In the early part of the 21st Century, the global community has gained enormous advantages from the expansion of China’s trade and maritime activities. Numerous countries have greatly benefited from China’s much closer integration into the world economy and maritime scene. Yet the huge demand for foreign resources, to assist China in maintaining its robust economic growth, has focused attention upon sustainability aspects, specifically the challenges and opportunities.
Many questions arise in a sustainability context. How are China’s shipping and trade evolving, and what is the impact? What are the social and human implications for China as a major supplier of maritime labour to the world market? How are environmental issues being handled in China, for instance those involving marine protected areas, ship recycling and maritime pollution? These elements have global as well as national impacts and ramifications.
A forthcoming Greenwich Maritime Institute (University of Greenwich) conference arranged by the GMI’s China Maritime Centre, on 10th September 2013 within the London International Shipping Week, will examine a wide range of topics. The conference is entitled ‘China’s Growth as a Maritime Power: Challenges and Opportunities for Global Sustainability’. Speakers from industry and academia have been invited to present their ideas. A prominent feature is new knowledge gained from cutting-edge academic research projects on China’s maritime issues, making the conference particularly informative. Discussion and debate will follow.
The Greenwich conference framework for China topics is maritime business and economics, social and human issues, and environmental aspects. The title echoes the theme adopted by the International Maritime Organization for World Maritime Day 2013. A theme of ‘Sustainable Development: IMO’s contribution beyond Rio+20’ was adopted for that occasion. In his speech to launch the theme, the IMO secretary-general clarified a crucial point. What does sustainable development actually mean? Reference was made to an earlier UN report where a clear definition was given: “development that meets the needs of the present without compromising the ability of future generations to meet their own needs.”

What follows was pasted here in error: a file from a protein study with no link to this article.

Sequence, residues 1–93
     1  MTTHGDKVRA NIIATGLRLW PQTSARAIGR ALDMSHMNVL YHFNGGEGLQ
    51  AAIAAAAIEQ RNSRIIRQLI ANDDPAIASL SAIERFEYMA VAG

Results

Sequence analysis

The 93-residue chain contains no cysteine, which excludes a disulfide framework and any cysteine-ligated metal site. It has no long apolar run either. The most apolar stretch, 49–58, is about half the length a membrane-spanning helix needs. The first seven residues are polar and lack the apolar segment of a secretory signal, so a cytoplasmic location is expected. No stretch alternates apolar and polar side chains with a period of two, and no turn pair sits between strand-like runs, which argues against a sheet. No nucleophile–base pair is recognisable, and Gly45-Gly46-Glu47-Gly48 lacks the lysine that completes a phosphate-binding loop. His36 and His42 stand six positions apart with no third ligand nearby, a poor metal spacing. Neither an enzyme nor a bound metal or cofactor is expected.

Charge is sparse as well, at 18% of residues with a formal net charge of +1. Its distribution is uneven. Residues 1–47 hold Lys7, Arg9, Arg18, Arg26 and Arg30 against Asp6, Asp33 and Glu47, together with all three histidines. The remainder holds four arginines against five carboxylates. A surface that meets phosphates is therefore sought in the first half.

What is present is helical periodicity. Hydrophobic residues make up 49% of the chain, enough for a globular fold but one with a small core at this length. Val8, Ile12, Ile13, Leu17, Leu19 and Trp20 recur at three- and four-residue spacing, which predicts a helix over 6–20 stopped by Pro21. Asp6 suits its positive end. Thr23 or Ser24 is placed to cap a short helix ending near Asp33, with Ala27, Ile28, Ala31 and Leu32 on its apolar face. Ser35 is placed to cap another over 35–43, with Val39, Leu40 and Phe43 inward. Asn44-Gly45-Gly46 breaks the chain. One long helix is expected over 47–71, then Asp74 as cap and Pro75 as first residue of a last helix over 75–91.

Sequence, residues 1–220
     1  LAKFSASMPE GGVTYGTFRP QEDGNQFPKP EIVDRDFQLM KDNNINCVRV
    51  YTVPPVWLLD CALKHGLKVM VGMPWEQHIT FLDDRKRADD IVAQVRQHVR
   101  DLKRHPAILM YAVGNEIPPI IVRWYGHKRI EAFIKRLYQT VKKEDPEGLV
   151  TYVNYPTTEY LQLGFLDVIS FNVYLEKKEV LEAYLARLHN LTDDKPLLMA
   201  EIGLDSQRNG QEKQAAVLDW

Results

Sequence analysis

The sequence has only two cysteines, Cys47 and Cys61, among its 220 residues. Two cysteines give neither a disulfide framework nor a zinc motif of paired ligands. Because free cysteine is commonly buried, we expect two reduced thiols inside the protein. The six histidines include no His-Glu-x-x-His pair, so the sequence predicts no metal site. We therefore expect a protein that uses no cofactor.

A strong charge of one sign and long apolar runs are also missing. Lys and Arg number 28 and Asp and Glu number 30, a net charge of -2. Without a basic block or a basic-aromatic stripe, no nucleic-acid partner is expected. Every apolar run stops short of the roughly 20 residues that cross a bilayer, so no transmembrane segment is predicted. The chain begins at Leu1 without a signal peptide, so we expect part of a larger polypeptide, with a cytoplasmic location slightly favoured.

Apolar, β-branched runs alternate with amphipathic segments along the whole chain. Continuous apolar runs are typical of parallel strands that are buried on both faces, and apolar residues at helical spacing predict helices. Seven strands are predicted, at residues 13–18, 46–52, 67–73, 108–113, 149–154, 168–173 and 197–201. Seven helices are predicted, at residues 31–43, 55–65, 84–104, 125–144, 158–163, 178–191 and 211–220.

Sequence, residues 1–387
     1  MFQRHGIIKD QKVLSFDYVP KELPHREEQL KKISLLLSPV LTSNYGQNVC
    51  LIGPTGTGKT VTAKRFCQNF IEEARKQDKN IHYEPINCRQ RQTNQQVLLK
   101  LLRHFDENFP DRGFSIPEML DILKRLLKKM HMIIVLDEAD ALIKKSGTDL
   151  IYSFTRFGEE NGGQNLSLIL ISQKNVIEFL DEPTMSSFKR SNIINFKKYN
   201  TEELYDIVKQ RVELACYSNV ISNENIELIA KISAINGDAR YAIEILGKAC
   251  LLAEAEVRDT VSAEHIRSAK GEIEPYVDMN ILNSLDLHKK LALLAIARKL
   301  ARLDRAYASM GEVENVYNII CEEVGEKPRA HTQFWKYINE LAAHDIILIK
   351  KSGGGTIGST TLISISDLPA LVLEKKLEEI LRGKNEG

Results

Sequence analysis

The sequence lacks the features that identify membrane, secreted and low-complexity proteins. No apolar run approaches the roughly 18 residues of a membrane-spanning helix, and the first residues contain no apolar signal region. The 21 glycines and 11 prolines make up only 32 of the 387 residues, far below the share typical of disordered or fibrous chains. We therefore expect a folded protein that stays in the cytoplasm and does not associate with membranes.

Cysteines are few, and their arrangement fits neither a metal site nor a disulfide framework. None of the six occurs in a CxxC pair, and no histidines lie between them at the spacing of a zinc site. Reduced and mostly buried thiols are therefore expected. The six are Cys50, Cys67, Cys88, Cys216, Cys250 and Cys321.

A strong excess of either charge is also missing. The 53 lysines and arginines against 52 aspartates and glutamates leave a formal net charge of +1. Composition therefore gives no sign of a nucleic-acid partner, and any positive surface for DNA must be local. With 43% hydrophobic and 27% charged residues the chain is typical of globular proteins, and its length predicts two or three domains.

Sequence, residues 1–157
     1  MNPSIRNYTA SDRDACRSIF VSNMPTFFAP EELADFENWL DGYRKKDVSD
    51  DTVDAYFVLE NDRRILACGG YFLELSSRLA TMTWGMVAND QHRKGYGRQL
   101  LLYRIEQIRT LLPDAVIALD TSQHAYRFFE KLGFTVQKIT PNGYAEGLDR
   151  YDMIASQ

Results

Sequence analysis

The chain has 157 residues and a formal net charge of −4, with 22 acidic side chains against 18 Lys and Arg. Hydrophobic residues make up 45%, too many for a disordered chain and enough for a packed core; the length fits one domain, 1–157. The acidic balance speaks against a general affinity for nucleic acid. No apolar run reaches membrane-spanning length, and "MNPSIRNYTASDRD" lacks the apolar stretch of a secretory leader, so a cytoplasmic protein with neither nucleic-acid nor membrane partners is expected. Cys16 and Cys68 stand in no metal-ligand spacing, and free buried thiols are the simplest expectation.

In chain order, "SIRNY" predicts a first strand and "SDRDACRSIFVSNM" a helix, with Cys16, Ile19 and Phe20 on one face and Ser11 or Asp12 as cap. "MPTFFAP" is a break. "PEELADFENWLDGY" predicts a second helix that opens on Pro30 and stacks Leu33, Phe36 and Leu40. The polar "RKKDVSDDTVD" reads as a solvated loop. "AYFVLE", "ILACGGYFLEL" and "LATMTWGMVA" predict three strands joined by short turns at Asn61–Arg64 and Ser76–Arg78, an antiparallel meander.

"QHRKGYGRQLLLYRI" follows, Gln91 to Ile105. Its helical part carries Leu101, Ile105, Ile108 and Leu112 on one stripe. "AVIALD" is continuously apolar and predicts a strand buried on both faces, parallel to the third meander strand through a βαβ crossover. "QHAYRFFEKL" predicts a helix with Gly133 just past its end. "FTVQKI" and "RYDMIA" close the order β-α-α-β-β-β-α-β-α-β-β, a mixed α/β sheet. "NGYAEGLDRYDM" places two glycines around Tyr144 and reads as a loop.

This event at Greenwich takes place, arguably, at a significant juncture. The Chinese economy appears to have reached a transitional period, between near or actual double-digit GDP growth rates until relatively recently, and a ‘more sustainable’ era of rather less rapid but still vigorous expansion. Maritime activities and their sustainability will be affected by the changing pace.
China’s role as a major player and, in some maritime activities, the largest and dominant player inevitably places its global involvement and implications under a spotlight. A few achievements are particularly noteworthy. China has become the leading influence shaping world seaborne trade and is by far the largest importer of dry bulk commodities. The merchant ship fleet controlled by Chinese companies is now one of the biggest. As well as being the largest shipbuilding country (by deadweight volume and contract value), China is a major ship recycler. It is also a prominent supplier of maritime labour to the global market. Much or most of these gains have been made within the past decade, a relatively short period for such a performance. The combined impact is hard to exaggerate.
As a result of this large-scale activity, steps which China is taking to tackle sustainability issues are viewed with great interest by the international community. On many maritime and related issues, it is noticeable that significant advances to correct any deficiencies are being made, and signs of likely further progress over the years ahead are visible.
GMI visiting lecturer and MD, Bulk Shipping Analysis